Many genetic disorders are characterized by defects in neuronal function and cognitive ability. To gain key insights into new ways of approaching these diseases, it is critical to understand the molecular basis for regulating neuronal transcriptional programs and take advantage of emerging global genomic technologies, which provide deep insights into the molecular basis for these disorders. Here, we focus on a severe neurological disorder that is caused by mutations of the methyl-CpG-binding protein, MeCP2, and how it causes alterations in gene expression programs required for neuronal function. We propose to investigate this perplexing syndrome, which can be categorized under the umbrella of ?autism spectrum? disorders, to test a previously unappreciated mechanism for regulating neuronal transcription programs based on chromosomal architecture. Specifically, we will determine the effects of MeCP2 loss on chromatin architecture and its relation to changes in gene transcription, as well as determine the functional role of MeCP2 on the nuclear matrix-dependent architectural network. We will utilize several mouse genetic models to target several important brain cell types and apply genome wide methodologies to elucidate the contribution of each of these to the observed brain phenotype. We expect to expand our understanding of MeCP2-dependent transcriptional de- regulation due to structural effects on chromosome architecture, and uncover the role of MeCP2 in regulation of chromosomal boundary/ sub-nuclear architectural interactions as an underlying mechanism in Rett syndrome. This will enable new understanding of the molecular mechanisms of this devastating neurological disease, and lay the groundwork for potential new classes of potential therapeutic avenues.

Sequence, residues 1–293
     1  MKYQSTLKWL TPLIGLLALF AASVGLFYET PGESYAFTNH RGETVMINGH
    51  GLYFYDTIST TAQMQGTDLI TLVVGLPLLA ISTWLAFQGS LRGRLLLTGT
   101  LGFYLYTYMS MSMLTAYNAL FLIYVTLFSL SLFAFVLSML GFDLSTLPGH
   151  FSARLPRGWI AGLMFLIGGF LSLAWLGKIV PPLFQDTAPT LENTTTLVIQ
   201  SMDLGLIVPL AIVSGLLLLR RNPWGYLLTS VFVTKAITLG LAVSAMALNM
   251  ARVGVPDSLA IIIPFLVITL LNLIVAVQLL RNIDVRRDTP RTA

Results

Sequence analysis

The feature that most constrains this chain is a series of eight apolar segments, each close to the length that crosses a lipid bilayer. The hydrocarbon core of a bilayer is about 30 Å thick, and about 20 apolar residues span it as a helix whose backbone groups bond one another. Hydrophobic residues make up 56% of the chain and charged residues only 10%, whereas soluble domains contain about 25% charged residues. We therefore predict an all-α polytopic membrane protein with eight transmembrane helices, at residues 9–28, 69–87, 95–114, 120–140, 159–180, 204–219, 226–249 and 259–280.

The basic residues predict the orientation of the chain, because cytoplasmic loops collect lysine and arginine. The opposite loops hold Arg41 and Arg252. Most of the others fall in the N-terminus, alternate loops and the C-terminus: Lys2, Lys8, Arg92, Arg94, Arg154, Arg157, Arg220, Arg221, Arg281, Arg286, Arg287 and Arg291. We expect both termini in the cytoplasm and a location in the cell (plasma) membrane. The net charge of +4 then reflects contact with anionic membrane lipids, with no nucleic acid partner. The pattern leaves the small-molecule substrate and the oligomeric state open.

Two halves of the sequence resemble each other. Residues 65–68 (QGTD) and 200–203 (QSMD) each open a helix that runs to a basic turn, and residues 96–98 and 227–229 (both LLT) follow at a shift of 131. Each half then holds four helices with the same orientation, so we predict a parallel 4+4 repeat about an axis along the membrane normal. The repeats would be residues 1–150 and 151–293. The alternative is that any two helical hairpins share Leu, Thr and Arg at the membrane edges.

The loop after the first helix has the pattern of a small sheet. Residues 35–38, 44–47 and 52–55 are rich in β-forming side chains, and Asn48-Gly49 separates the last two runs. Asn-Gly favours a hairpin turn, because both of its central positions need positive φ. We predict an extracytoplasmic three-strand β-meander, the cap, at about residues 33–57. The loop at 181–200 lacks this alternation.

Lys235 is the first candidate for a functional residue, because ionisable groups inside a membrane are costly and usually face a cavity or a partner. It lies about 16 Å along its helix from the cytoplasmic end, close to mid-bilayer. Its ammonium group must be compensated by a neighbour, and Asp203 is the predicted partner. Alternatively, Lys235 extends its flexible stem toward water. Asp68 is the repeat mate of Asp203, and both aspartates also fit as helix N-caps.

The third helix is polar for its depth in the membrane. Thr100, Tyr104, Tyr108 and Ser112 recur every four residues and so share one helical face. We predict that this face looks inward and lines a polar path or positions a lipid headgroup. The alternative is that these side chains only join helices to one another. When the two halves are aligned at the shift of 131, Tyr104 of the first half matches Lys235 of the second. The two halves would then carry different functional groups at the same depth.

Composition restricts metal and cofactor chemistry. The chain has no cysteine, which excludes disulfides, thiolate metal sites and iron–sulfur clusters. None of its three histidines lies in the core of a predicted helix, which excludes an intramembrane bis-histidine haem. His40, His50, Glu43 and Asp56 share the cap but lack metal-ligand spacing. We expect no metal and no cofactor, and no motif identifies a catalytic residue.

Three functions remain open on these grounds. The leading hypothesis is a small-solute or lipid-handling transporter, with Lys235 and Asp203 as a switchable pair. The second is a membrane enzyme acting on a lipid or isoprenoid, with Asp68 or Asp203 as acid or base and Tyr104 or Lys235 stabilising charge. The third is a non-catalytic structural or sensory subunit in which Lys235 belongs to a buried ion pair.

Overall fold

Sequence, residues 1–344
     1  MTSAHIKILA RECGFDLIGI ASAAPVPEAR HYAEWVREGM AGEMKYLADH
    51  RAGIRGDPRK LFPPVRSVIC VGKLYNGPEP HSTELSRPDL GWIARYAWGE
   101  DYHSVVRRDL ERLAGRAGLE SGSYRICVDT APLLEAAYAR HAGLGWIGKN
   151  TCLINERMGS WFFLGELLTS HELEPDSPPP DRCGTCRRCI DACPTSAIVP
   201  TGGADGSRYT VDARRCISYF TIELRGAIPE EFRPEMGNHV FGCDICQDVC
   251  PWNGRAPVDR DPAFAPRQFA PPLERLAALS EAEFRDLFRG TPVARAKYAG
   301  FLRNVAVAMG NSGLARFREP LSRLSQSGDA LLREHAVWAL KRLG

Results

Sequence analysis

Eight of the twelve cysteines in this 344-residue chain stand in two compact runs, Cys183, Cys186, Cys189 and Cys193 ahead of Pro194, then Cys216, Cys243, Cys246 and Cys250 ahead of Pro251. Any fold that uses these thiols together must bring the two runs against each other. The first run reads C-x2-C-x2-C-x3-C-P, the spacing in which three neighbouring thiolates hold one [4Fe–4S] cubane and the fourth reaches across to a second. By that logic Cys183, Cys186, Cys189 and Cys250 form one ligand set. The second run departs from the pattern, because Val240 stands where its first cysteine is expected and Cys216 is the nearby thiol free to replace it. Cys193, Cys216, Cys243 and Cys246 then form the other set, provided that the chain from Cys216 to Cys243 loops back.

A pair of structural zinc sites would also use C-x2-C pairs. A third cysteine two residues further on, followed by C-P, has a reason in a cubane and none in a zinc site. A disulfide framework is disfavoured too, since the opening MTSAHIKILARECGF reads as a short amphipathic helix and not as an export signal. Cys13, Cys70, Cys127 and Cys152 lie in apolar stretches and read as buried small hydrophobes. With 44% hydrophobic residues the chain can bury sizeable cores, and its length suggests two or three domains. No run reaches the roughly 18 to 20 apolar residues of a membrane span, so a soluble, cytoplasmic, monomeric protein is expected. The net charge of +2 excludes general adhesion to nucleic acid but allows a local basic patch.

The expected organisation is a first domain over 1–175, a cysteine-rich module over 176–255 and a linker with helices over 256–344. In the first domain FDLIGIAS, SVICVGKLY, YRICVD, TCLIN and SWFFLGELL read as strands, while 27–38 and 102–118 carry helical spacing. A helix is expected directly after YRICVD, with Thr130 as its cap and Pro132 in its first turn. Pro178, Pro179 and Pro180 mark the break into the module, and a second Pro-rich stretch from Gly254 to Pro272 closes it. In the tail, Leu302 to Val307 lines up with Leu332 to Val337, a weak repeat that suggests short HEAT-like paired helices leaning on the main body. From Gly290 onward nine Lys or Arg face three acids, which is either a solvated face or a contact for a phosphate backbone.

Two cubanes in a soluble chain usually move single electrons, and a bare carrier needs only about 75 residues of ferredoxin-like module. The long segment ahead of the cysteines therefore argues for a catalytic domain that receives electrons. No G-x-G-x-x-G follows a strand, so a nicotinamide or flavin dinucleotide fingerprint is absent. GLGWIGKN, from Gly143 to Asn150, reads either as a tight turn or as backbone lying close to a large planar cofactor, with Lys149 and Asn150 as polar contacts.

Public Health Relevance

Diseases of neuronal function can provide critical insights into the molecular basis required for brain function. Here, we propose to utilize a perplexing syndrome in the ?autism spectrum?, Rett syndrome, to test a previously unappreciated mechanism for regulating neuronal gene expression programs based on the structure of chromosomes. We expect the results of this study will lead to deeper understanding and to further insights how nuclear architecture regulates gene expression in the brain, for normal brain function as well as in diseases related to autism and expect to identify novel, potentially clinically important, molecular targets, which may pave the way for new therapies for Rett syndrome and other neurological disorders.

National Institute of Health (NIH)
National Institute of Neurological Disorders and Stroke (NINDS)
Research Project (R01)
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Developmental Brain Disorders Study Section (DBD)
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Mamounas, Laura
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University of California, San Diego
Internal Medicine/Medicine
Schools of Medicine
La Jolla
United States
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